Kenneth R. Cooke, MD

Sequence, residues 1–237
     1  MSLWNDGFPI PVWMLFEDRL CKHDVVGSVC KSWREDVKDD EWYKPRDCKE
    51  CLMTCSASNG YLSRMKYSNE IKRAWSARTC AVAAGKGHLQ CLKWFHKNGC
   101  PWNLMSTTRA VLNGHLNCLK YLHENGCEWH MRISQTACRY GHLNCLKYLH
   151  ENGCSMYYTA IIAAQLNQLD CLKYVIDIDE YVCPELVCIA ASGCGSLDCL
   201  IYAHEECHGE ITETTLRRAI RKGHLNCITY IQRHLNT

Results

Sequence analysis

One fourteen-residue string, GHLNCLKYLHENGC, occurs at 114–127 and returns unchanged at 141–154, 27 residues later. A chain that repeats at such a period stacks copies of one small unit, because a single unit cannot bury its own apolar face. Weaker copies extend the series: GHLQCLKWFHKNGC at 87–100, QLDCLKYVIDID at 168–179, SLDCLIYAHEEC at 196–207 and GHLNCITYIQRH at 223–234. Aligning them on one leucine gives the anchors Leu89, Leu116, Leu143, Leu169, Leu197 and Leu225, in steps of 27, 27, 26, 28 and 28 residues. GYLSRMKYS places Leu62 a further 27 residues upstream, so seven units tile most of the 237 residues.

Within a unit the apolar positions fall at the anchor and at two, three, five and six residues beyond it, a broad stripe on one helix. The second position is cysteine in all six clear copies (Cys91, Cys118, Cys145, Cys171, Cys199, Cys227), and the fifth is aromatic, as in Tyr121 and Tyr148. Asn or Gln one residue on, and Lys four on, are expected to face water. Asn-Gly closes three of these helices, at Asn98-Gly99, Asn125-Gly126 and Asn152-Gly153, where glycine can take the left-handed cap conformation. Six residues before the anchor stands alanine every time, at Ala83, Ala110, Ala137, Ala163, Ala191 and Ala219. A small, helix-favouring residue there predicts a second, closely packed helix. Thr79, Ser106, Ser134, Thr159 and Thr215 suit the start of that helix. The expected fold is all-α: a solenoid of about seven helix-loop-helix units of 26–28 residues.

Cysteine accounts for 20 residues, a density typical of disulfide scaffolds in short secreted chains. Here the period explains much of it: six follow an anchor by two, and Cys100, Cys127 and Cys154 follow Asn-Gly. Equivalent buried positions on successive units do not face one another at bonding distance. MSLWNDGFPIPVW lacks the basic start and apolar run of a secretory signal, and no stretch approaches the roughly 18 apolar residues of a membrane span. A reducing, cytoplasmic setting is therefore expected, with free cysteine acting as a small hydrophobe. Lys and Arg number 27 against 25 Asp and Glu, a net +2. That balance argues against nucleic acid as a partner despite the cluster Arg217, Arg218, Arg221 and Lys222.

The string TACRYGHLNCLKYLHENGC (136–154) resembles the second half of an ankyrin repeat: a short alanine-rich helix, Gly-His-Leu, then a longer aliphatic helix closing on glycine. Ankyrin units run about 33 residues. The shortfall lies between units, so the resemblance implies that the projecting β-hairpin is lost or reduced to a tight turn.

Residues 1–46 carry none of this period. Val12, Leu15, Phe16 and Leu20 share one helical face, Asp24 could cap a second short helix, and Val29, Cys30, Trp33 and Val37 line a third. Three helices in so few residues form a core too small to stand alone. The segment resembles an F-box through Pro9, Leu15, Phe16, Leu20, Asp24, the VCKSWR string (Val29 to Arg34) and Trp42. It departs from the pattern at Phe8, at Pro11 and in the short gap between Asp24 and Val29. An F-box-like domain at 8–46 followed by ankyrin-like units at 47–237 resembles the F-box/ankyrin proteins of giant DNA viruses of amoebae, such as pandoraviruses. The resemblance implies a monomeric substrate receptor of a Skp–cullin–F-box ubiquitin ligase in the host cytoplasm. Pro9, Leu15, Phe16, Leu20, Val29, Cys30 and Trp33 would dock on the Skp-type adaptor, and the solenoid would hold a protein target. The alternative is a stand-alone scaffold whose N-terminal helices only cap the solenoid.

My scientific interests have centered on understanding the immunologic mechanisms that contribute to the development of idiopathic pneumonia syndrome (IPS) and acute graft-versus-host disease (GVHD), the two most common and life threatening complications of allogeneic hematopoietic stem cell transplantation (HSCT). Data generated using mouse models of human disease support the hypothesis that the lung is a target organ of acute GVHD and is susceptible to two distinct, but inter-related pathways of immune-mediated injury. The first depends upon interactions between donor T cells and host antigen presenting cells and the generation of allo-antigen specific cellular effectors which home to the lung and cause damage and dysfunction. The second involves elements of the innate immune response including donor accessory cells and the effects of inflammatory mediators like TNFalpha and endogenous endotoxin as they interact via a “gut-liver-lung” axis of inflammation. These findings support a paradigm shift away from identifying lung injury after HSCT solely as an idiopathic clinical syndrome and toward understanding IPS as a process involving two distinct, but inter-related pathways of immune mediated injury. Although a role for both lymphoid and myeloid cellular effectors in the development of IPS and GVHD has been established, the mechanisms by which donor leukocytes traffic to GVHD target organs are poorly defined. Current research is focused on determining the roles of endovascular injury and activation, chemokines and adhesion molecules in this context. Importantly, laboratory insights have lead to the development of national, multi-center trials in both adult and pediatric patients with IPS and GVHD.